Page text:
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A 34-year-old man comes to your office because he is "having a hard time walking." Two weeks ago, he noticed "weakness" in his right leg that has changed the way he walks.

  • What additional questions would you ask to characterize his gait abnormality?
  • What are the 5 physiologic components essential to normal ambulation?
  • Can a definitive cause of his gait abnormality be determined by historical information alone?
  • What historical questions will be useful in determining the appropriate evaluation of his gait abnormality?

Ambulation (gait) is an exercise in controlled falling. The upright body falls forward and the outstretched foot and leg must prevent the body from falling by supporting the body's weight and rotating the weight over the limb. Gait abnormalities result from 1 of 5 disorders:

  1. Inadequate muscle strength to flex the hip (to raise the knee), flex the knee (to lift the foot), or dorsiflex the ankle (to keep the foot from dragging on the ground).

  2. Inadequate sensation in the foot (or excess sensation with neuropathies) to tell the brain when the foot has planted and is ready for the body to rotate over the limb.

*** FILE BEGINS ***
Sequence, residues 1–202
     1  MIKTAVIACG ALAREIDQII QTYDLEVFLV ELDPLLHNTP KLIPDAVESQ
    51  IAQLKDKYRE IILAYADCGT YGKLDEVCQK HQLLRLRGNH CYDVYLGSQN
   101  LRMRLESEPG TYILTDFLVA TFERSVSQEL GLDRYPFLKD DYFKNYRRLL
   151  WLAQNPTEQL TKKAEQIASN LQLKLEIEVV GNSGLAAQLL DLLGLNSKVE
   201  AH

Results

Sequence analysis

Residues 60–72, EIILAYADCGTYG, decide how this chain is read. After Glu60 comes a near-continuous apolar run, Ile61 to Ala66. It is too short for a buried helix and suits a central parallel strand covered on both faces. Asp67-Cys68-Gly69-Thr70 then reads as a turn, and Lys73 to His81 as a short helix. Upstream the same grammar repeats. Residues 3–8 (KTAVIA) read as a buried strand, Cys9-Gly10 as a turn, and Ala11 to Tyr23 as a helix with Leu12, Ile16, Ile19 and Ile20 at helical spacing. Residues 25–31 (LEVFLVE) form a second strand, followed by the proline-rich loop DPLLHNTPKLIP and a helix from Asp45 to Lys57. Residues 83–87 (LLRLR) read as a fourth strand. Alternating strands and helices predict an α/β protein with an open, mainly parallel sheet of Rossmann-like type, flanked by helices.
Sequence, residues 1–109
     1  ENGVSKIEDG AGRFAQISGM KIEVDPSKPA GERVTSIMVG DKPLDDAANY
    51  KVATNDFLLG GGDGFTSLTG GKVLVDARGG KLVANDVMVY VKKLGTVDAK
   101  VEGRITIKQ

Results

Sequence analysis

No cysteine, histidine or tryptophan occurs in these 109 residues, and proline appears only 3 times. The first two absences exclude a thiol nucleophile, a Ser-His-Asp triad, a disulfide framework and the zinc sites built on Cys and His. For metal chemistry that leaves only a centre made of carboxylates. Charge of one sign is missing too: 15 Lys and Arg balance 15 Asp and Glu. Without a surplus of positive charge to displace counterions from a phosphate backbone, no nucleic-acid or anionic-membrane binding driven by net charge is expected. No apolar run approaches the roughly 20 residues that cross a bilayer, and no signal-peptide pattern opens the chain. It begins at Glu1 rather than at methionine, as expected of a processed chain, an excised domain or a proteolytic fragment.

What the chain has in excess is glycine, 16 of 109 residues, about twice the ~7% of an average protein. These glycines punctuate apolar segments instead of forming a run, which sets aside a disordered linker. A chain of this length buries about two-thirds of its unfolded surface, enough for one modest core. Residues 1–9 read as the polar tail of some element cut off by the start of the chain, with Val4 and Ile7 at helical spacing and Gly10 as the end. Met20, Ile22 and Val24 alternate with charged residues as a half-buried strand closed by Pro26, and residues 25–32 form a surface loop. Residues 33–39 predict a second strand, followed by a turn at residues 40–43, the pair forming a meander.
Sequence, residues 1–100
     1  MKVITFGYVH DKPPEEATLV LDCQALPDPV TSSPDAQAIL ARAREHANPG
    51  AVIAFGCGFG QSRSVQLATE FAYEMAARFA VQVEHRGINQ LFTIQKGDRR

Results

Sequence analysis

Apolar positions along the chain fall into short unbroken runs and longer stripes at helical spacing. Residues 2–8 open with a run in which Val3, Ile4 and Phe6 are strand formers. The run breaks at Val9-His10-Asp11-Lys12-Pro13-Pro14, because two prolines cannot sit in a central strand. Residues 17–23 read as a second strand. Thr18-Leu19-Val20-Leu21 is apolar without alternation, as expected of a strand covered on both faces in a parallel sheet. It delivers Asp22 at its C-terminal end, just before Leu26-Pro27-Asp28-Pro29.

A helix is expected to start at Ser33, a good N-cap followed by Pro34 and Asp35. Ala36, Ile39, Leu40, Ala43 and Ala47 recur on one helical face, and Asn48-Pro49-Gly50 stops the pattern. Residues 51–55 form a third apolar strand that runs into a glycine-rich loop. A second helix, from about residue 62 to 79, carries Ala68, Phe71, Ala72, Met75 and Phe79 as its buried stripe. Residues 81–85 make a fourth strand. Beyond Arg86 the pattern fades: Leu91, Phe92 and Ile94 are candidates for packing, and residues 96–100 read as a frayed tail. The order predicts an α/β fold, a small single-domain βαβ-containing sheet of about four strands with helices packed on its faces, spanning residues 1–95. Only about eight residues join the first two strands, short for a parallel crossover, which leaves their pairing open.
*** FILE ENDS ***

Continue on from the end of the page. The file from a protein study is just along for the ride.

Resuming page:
3. Inadequate muscle strength in the leg to maintain extension of the leg (knee) to support the body's weight.

  4. Inability to relax the muscles of the leg as the body moves over the extended leg and transfers weight to the opposite leg (in preparation for extending the leg for the next step).

  5. Disorders of the cerebellum, which normally receives sensory input and coordinates muscle contraction (the stepping limb) and relaxation (the opposite limb).

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AtaxiaUnbalanced or uncoordinated ambulation.
Cerebellar ataxiaAtaxia due to impaired cerebellar function.
Normal-pressure hydrocephalusA triad of dementia, ataxia, and urinary incontinence that results from obstruction of the arachnoid granulations that drain cerebrospinal fluid. The fluid accumulation compresses the brain, causing the symptoms.
Peripheral neuropathyAbnormal sensory or motor nerve function leading to weakness, altered sensory perception, or both.
Sensory ataxiaAtaxia due to impaired proprioceptive or sensory feedback from the lower extremities.
Spastic paraplegiaTonic muscular contraction leading to an inability to relax the muscles. The increased tone is due to damage of the inhibitory neurons in the spinal cord or brain.

Gait disorders result from disease of muscles, nerves, bones and joints, or the cerebellum.

  • Review the patient's past medical history. Most gait abnormalities are due to chronic or congenital diseases.
  • Assess the time course of the symptoms. Acute changes in gait suggest an injury or stroke. A gradual, protracted onset suggests a systemic disease, peripheral neuropathy, or cerebellar disease of any type.
  • Avoid leading questions. It may be necessary to follow-up with a close-ended questions directed at the most likely disorder.

  • Assess for alarm symptoms.
  • Ask about conditions that make the gait abnormality worse (ie, walking in darkness or walking upstairs).
  • Ask about weakness involving other parts ...

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